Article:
MARTIN SEEMUNGAL: Limpopo National Park on the Mozambican side is a grim testament to the ravages of poaching. There are few animals here and no rhinos because poaching was never illegal in Mozambique. That will change this year. Afonso Madope is a director at Mozambique’s ministry of tourism. He says the laws are about to get a lot tougher.
AFONSO MADOPE: Most of the guys the poachers they were completely free because you know they were convinced that no one can do anything in order to arrest us or make their selves, their lives complicated. From now I’m convinced that will be completely different.
MARTIN SEEMUNGAL: At the moment though the poachers remain all powerful and they prey on people still living inside Mozambique’s Limpopo Park boundaries. The village of Mavodze in Limpopo Park is only 20 miles from the Kruger Park border. There are several communities like this scattered throughout the park, subsistence farmers and that is an important part of the equation. They don’t have much money and the poachers do. They’ll pay up to $30,000for a pair of rhino horns—huge money for people living on about $6 a day.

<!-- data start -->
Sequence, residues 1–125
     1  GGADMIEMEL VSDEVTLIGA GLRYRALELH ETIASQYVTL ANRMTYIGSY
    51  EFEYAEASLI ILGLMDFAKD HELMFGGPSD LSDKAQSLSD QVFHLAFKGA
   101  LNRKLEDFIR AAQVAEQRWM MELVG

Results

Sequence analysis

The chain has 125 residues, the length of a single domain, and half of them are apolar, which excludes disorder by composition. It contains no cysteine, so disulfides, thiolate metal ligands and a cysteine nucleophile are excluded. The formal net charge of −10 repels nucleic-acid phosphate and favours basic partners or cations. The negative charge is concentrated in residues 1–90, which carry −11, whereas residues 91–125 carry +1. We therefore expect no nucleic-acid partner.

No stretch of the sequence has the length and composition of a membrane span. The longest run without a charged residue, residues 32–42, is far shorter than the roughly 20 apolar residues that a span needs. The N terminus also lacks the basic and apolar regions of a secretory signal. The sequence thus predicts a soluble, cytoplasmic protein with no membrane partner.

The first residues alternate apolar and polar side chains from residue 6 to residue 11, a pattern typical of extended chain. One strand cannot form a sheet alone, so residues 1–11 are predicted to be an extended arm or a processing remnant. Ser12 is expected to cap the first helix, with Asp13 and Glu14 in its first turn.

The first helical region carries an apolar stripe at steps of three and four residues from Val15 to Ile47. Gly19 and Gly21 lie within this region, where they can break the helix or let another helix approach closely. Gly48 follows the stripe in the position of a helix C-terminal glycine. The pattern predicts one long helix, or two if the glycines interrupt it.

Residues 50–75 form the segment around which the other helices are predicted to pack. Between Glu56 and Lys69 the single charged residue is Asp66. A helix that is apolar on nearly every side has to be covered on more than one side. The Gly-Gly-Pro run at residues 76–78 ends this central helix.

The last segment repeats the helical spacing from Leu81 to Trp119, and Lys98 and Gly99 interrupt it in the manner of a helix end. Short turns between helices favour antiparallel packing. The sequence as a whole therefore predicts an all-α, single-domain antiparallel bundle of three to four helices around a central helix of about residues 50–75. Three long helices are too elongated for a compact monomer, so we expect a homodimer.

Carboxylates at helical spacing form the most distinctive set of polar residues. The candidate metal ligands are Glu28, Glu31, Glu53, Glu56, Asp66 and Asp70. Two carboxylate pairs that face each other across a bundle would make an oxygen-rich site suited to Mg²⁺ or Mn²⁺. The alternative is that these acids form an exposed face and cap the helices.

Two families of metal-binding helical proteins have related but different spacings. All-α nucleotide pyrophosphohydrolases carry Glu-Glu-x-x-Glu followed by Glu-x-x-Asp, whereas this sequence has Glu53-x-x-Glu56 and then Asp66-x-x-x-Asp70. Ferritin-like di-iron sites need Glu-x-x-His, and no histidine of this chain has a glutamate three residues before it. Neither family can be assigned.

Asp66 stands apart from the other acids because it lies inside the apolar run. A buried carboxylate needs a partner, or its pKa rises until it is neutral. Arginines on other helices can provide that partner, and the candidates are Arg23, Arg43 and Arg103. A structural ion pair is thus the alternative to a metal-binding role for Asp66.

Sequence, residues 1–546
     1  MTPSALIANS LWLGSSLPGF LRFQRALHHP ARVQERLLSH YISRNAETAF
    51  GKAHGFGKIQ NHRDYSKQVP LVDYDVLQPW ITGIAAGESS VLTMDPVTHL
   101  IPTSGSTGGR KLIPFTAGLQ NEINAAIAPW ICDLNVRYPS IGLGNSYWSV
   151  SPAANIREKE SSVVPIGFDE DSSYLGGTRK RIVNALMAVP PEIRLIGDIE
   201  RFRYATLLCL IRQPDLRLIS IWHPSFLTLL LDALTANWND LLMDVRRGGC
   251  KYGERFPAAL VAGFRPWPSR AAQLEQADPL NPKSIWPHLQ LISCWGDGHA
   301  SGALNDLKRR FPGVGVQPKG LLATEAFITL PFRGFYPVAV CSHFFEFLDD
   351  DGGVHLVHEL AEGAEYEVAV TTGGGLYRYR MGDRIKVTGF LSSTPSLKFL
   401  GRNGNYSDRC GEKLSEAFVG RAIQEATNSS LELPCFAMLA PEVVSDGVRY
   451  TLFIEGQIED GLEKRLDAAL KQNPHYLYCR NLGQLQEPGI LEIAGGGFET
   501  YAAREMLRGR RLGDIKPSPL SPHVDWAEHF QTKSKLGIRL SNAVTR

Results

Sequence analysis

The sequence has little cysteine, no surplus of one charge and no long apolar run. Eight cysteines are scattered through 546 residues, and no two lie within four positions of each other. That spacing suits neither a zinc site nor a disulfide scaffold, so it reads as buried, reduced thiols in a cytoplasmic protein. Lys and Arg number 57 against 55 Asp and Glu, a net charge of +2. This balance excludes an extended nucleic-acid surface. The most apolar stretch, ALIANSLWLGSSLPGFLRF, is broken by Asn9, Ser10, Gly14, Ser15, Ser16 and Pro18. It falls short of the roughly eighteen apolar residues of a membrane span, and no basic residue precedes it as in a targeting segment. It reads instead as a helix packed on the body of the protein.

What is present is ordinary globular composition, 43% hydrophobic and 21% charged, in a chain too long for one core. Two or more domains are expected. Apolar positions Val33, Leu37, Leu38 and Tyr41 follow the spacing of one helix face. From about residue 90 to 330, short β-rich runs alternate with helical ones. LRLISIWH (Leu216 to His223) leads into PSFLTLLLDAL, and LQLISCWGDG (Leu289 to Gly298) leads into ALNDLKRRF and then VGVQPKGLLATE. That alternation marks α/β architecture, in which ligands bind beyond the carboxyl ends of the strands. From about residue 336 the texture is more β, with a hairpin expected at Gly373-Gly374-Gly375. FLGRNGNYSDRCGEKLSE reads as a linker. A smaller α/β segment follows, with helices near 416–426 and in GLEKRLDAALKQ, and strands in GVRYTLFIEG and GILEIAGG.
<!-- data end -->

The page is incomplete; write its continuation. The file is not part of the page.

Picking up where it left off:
ANTHONY ALEXANDER, MANAGER, LIMPOPO PARK, MOZAMBIQUE: If you look at the poacher the poacher is typically 18-25 years old—young. Not many job prospects. But the money is spent at best on a house but generally on alcohol, vehicles, parties, so greed is a huge factor.
MARTIN SEEMUNGAL: We were told by a park official that these young men were involved in poaching—he warned us not to approach them. The older generation spoke to us but they were nervous. If they knew there were poachers in the village they didn’t say. Amelia has lived here most of her life. I would not show people the way or help them she says. If they came I would not take their money.
MARTIN SEEMUNGAL: Thomas—one of the parks officials says he knows there are people here who do because he says there are many new houses.
THOMAS: Sometimes it’s about poaching, you know.
MARTIN SEEMUNGAL: Yeah. So some of these houses in the village were built with money from poaching?
THOMAS: Yeah, but I don’t know actually who is poaching or not but I see the house. In a few moment I see the house, you know.
MARTIN SEEMUNGAL: Mozambican park rangers have the weapons to prove it—these are from recently arrested poachers.
JOSE SITHOI: Because they are ready to fight.
MARTIN SEEMUNGAL: So, they use the AK-47 to shoot against the rangers, and they use this weapon here?
JOSE SITHOI: For rhinos.
MARTIN SEEMUNGAL: For the rhinos.
JOSE SITHOI: For the rhinos.